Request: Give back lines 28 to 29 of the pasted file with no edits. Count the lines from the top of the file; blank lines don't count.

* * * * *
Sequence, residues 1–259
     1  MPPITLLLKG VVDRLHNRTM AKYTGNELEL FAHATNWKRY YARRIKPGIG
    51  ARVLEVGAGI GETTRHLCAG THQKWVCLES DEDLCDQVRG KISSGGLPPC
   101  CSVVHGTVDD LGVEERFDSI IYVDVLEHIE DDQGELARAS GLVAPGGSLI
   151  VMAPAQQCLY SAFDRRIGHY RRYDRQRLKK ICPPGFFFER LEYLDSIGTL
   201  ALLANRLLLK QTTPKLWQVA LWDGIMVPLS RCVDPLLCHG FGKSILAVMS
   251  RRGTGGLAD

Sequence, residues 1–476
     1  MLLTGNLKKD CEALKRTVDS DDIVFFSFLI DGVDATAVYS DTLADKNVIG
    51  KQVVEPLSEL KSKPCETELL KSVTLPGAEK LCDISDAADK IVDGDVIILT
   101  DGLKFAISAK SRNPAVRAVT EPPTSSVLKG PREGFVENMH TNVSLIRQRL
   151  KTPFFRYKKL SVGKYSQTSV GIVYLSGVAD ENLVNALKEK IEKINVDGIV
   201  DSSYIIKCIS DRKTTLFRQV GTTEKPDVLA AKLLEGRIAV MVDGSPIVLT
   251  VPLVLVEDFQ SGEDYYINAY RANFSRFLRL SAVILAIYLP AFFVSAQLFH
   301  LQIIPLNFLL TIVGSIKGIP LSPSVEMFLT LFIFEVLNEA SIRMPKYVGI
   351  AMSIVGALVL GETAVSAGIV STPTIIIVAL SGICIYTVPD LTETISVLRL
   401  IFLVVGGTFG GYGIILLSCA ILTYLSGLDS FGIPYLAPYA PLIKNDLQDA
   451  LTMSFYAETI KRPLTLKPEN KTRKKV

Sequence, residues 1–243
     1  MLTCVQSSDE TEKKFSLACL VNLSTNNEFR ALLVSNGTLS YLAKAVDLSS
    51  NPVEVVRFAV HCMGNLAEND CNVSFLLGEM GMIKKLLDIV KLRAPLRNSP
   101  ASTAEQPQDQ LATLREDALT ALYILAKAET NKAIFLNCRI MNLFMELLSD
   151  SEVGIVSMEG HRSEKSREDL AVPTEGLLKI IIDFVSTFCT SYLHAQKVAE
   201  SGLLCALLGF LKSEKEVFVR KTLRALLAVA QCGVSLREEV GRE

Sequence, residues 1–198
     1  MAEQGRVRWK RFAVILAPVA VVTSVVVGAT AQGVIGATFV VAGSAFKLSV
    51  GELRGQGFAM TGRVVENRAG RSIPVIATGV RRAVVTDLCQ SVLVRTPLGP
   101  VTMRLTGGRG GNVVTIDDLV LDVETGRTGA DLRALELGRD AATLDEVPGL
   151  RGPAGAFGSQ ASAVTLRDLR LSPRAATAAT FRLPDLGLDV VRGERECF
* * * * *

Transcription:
   101  VTMRLTGGRG GNVVTIDDLV LDVETGRTGA DLRALELGRD AATLDEVPGL
   151  RGPAGAFGSQ ASAVTLRDLR LSPRAATAAT FRLPDLGLDV VRGERECF